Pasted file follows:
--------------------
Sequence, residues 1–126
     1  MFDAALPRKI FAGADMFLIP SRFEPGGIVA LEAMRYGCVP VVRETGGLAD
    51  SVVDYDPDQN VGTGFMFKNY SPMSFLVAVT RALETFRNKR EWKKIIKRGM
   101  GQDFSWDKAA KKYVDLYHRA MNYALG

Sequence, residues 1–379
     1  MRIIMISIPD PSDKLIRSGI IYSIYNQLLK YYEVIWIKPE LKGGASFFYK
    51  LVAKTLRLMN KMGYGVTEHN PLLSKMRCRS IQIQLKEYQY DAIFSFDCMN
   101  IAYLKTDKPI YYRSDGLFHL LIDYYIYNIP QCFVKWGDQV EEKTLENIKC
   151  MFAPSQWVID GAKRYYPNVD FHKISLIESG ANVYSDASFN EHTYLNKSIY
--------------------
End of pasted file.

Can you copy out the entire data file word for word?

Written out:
Sequence, residues 1–126
     1  MFDAALPRKI FAGADMFLIP SRFEPGGIVA LEAMRYGCVP VVRETGGLAD
    51  SVVDYDPDQN VGTGFMFKNY SPMSFLVAVT RALETFRNKR EWKKIIKRGM
   101  GQDFSWDKAA KKYVDLYHRA MNYALG

Sequence, residues 1–379
     1  MRIIMISIPD PSDKLIRSGI IYSIYNQLLK YYEVIWIKPE LKGGASFFYK
    51  LVAKTLRLMN KMGYGVTEHN PLLSKMRCRS IQIQLKEYQY DAIFSFDCMN
   101  IAYLKTDKPI YYRSDGLFHL LIDYYIYNIP QCFVKWGDQV EEKTLENIKC
   151  MFAPSQWVID GAKRYYPNVD FHKISLIESG ANVYSDASFN EHTYLNKSIY